Here's my issue: if the Colts wanted to rest their starters, fine, then let them play a half or a quarter and take them out. But don't bail on a competitive game with historical and playoffs implications deep in the second half. It's an arrogant disservice to your players, your team and the NFL.

No one has embarrassed the state of Indiana this much since former vice president Dan Quayle misspelled potato.


Posted by Christopher L. Gasper, Globe Staff December 22, 2009 01:02 PM
That is what new/old Yankees pitcher Javier Vasquez is. The Yanks response to John Lackey was to re-acquire Vasquez, who in his one season in the Bronx was 14-10 with a 4.91 ERA, making the All-Star team but faltering badly down the stretch. Check this off as a Sox win because the Yankees had to give up Melky Cabrera to get Vasquez from the Braves.

That means New York has moved two young, cost-effective, athletic outfielders this off-season after giving up Austin Jackson to get Curtis Granderson. Vasquez is ordinary in the AL and gives up a lot of long balls. This move is a ripple, not a splash like the Lackey signing. With an opening in left field now don't rule out the Yankees sticking it to the Sox with Jason Bay.

Prevent defense

Posted by Christopher L. Gasper, Globe Staff December 15, 2009 01:49 PM
Pitching and defense is the Red Sox' plan to "bridge" the gap between them and the team in the Bronx. I think it's one worth defending. I was never enamored with Matt Holliday, who is completely overrated due to inflated numbers at Coors Field and will be vastly overpaid by some poor team. Sinking Jason Bay-money into John Lackey gives the Sox rotation depth and trade flexibility. Mike Cameron comes cheap, even at 36 makes the team markedly more athletic in the outfield, and while he strikes out a ton, he has 20-25 home run pop from the right side. 


Posted by Christopher L. Gasper, Globe Staff December 14, 2009 12:22 PM
That's what Tiger Woods will no longer be doing for Accenture, which had an unfortunate advertising slogan of "Go on, be a Tiger" as part of its Woods campaign. Obviously, that has a completely unintended meaning now. In the end, Tiger will remain marketable as long as he is still the PGA's top player when he returns. Just look at Kobe Bryant, who has survived his scandal and became a VitaminWater spokesman last year. 


Posted by Christopher L. Gasper, Globe Staff December 11, 2009 12:17 PM
That's what it could be for both the Steelers' playoff hopes this season and any claim they may have had to topping the Patriots as the "Team of the Decade." Pittsburgh lost its fifth straight, falling, 13-6, to the Cleveland Browns on Thursday night. The loss dropped the Super Bowl champs to 6-7 overall and 1-4 in the AFC North and 4-6 in AFC play, two crucial playoff tiebreakers. 


Posted by Christopher L. Gasper, Globe Staff December 10, 2009 02:17 PM
The most famous bridge in Boston right now isn't the Tobin or the Zakim. No, it's the metaphorical one that Sox GM Theo Epstein said the team is building for the next two years to span when prized prospects like Casey Kelly and Ryan Westmoreland are ready. This is one bridge that seems structurally unsound.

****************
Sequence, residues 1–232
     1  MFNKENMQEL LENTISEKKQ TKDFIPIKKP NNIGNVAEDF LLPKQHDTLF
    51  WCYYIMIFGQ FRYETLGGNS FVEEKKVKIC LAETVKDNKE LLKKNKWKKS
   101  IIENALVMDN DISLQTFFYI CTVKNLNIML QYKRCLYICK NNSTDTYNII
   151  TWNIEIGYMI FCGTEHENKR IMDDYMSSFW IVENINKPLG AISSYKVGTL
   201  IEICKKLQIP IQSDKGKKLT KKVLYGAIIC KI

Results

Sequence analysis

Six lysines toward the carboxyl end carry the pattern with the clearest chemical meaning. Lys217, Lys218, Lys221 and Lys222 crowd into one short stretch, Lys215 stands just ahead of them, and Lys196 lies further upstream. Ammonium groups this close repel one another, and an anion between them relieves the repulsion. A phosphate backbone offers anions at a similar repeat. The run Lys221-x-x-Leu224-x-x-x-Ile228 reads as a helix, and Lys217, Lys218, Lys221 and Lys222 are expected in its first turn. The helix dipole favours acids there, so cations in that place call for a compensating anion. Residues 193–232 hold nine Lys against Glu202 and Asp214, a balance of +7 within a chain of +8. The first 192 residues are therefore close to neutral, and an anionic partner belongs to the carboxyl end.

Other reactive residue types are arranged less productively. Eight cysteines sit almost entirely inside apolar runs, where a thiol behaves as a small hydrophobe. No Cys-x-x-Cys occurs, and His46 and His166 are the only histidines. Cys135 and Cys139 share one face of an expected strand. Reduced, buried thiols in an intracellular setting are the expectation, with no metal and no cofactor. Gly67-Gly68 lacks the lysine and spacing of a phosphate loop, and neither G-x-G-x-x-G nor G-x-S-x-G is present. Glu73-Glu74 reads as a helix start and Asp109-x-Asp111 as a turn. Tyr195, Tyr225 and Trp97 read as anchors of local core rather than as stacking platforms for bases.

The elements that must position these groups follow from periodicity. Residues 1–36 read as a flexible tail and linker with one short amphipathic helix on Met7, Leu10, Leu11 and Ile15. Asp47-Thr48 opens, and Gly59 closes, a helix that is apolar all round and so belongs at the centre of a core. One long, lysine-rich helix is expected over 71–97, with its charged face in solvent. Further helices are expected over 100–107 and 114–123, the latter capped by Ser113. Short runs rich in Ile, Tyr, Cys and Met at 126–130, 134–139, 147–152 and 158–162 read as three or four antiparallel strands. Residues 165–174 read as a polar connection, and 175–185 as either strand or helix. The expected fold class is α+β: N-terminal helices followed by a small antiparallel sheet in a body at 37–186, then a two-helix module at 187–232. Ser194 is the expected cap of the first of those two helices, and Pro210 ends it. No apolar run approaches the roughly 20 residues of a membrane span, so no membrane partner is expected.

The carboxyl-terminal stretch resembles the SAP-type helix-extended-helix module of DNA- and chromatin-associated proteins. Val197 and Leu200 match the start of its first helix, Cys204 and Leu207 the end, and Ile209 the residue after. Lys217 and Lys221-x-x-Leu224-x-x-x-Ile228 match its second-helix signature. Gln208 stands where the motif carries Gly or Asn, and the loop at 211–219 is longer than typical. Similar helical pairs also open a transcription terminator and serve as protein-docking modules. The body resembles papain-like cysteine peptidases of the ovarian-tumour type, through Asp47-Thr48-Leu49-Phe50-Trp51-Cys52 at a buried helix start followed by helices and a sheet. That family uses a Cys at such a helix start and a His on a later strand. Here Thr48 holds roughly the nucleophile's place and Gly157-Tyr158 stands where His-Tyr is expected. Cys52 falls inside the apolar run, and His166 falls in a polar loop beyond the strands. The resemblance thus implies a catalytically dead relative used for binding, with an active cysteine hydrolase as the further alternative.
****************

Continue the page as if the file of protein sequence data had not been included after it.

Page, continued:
Brady bump

Posted by Christopher L. Gasper, Globe Staff December 8, 2009 02:36 PM
Up or down by at least seven points in the fourth quarter this season, Tom Brady has a 58.1 QB rating and a 54.5 completion percentage with a TD and two interceptions. Peyton Manning is 128.7 with 78.7 percent completed. Brady's career QB rating in such situations is 83.1, with a 60.1 completion percentage and 18 TDs vs. 14 interceptions.


Posted by Christopher L. Gasper, Globe Staff December 4, 2009 12:32 PM
That's the best way to describe the Celtics' four-game road trip, which they can sweep tonight with a win at Oklahoma City. In the holiday spirit, can they donate some of those road wins to the Patriots?


Posted by Christopher L. Gasper, Globe Staff December 3, 2009 11:59 AM
That's what the shortstop position has been for the Red Sox during the Theo Epstein administration. Marco Scutaro is another mistake in the making. Put Pedey at shortstop and sign Orlando Hudson to play second base.

Coffee Talk

Posted by demiddleton November 23, 2009 03:21 PM
The thighmaster is neither a thigh nor a master. Discuss.

The word

Christopher L. Gasper riffs on the news


...That's what the Patriots have when it comes to picks in the 2013 NFL Draft, which starts Thursday. After all those years of stockpiling picks the way a survivalist does non-perishables the Patriots have just five picks in this year's draft, thanks to Band-aid trades for Albert Haynesworth, Chad Ochocinco and Aqib Talib. Five picks would be the fewest draft picks in franchise history. (Part of that is attributable to the trimming of the draft to just seven rounds in 1994). Further complicating matters is that two of the Patriots' greatest needs are at wide receiver and cornerback, positions where they have sustained draft droughts. With that in mind, I'm convinced the Patriots are going trade back out of the first round of a quanity-over-quality draft where you're just as likely to pick a Pro Bowl player in the second and third round as you are in the first round.